We’ll be watching most of the film’s proceedings through the hazmat suit helmet cameras of Doctor Lauren Chase (Rachel Nichols) – for the last of the CDC and a survivor of what reads very much like the end of New York rather lacking in battle-hardedness as you’ll notice –, a traffic cop turned, well, gunner (Mekhi Phifer), con and driver Wheeler (Alfie Allen) and local guide – which seems to mean she’s able to operate a simple GPS device without it exploding or something – Denise (Missi Pyle). These guys are a freshly minted team sent out in an armoured school bus to try and pick up a bunch of survivors another team that’s missing in action has hopefully secured in a school. Obviously, things won’t go too well, and not just because Lauren has a wee little secret, Gunner’s a bit too battle-hardened, and their mission makes little sense.

Which really is par for the course in John Suits’s film, seeing as it features a pretty astonishing number of huge plot holes and thinly “it’s in the script!” reasons for much that happens in i. Or could anyone explain to me why Greer would risk his oh-so-precious final survivor of the CDC by sending her out only so that she can apply a simple test for the infection you could teach a monkey inside of five minutes? Or later on, how Wheeler finds Lauren and Denise again? Or how the film and the characters could forget a weapon Lauren and Wheeler will be threatened with is actually empty? Now, as my imaginary readers probably know by now, I’m not one of these people who are always nitpicking and spending their time watching a movie more interested in looking for mistakes instead of actually watching it, but some of these things are so egregious it’s impossible not to notice them. Most of them are completely unnecessary to boot. Would it have really killed the script to find a better reason for the doomed mission, for example?

Still, it’s not all bad. Particularly in the early stages, Pandemic promises a vigorous and depressing variation on the zombie apocalypse, with violence that actually feels unpleasant, and the proper feeling of futility. Unfortunately, for every scene of unpleasant violence, there’s another one where the film uses its helmet camera conceit to turn into a really crappy first person shooter for a scene or two, throwing believability and a consistent mood out of the window for a shitty action scene; and for every believable human moment given to the more than decent cast, there’s another one that is either undermined by the script’s laziness (or stupidity, depending on one’s tastes) or just a lack of imagination.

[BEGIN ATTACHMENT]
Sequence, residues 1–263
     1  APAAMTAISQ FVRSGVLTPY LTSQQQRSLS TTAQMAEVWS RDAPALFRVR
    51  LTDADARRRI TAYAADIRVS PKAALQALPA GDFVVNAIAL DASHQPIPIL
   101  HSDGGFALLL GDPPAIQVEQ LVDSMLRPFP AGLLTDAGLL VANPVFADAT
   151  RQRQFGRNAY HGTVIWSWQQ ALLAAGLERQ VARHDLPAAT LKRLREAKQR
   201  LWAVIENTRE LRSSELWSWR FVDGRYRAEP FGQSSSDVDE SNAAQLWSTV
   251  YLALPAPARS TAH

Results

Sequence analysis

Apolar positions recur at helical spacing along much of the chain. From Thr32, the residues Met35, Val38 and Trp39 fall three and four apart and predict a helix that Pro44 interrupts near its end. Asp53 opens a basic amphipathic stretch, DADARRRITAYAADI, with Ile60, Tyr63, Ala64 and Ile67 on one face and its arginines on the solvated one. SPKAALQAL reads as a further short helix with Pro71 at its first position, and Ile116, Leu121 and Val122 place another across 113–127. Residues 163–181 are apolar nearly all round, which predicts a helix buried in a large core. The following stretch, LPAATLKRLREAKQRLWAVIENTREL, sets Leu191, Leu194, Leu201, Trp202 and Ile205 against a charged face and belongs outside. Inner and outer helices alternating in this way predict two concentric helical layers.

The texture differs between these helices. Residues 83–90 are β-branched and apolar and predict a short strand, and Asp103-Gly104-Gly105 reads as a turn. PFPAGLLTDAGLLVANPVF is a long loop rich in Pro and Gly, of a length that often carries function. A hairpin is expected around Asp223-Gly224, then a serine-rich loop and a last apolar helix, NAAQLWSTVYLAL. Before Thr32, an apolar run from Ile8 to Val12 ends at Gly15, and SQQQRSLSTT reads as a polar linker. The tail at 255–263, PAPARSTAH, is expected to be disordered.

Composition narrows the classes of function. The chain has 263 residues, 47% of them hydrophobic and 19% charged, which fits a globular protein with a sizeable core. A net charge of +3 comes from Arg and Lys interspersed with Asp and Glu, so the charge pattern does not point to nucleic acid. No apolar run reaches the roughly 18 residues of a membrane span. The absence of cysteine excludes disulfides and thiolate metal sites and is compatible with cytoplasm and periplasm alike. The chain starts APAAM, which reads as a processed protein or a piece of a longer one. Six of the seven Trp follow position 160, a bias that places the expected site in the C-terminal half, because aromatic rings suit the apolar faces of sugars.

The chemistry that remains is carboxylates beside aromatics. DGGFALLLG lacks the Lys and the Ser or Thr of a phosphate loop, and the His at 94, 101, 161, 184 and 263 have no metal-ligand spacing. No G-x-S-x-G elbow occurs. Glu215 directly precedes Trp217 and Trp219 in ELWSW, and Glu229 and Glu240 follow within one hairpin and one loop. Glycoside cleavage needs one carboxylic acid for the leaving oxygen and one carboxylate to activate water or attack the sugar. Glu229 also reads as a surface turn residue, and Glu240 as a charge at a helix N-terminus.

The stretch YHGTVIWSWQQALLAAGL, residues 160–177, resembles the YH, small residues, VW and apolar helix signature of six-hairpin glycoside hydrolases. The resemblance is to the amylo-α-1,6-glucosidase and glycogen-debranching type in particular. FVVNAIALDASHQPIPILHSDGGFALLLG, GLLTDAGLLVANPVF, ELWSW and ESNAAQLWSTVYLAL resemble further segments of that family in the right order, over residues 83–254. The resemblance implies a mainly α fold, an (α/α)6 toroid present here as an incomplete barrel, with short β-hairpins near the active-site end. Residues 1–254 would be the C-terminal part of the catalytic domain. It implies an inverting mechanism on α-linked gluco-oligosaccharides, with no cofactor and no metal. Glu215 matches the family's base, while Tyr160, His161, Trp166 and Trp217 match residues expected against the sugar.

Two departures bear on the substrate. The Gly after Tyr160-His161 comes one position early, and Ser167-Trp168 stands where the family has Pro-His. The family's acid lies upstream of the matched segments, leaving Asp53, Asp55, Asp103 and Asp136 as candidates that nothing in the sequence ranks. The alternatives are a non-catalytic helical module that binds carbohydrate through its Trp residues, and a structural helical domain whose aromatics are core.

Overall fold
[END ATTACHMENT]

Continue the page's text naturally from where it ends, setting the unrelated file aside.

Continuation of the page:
There are some good moments in here, but these are moments buried under way too much business as usual in zombie land and and a huge number of implausibilities and plain bad plotting, so I don’t think anyone should run out to see Pandemic.

Friday, May 13, 2016

Past Misdeeds: The Old Dark House (1932)

The married couple of Margaret (Gloria Stuart) and Philip (Raymond Massey) Waverton and their car guest Roger Penderel (Melvyn Douglas) whose connection with the two is never quite explained, are driving through the Welsh countryside during a spectacular rainstorm. As it is usual in cases like this, they have lost their way completely and the couple is bitching at each other with some aplomb, while Penderel proceeds to sing sarcastically.

Fortunately, this very special kind of revelry is broken by a landslide. The trio and their car barely manage to find their way to the titular old dark house, which is the only place where they can find shelter before they are all blown away by the forces of nature.

Rather less fortunate for them are the inhabitants they find inside. Head of the household seems to be Horace Femm (Ernest Thesiger), an older gentleman who acts terribly afraid of something or someone within the house, at least when he is not passive-aggressively bickering with his sister Rebecca (Eva Moore). Rebecca herself is half deaf (at least when she wants to be) and in the grip of some sort of religious mania caused by old wounds from the relationship with her long-dead sister that makes her rather nasty to young pretty women like Margaret. This assortment of weird characters is completed by the siblings' servant Morgan (Boris Karloff), a mute, bearded, less than friendly seeming sort of fellow (and since this is a film from 1932, he is in fact not friendly). The siblings inform their guests merrily that he tends to get quite violent when drunk.

While everyone's still getting acquainted and/or scaring the shit out of each other, another pair of weather refugees arrives to make the cast complete for now. It is the jolly seeming Sir William Porterhouse (Charles Laughton) and the woman whose sugar daddy without sexual benefits he plays, Gladys Perkins (Lilian Bond). Gladys and Penderel are really hitting it off, and after they have known each other for about ten minutes, he is all good and ready to propose marriage to her.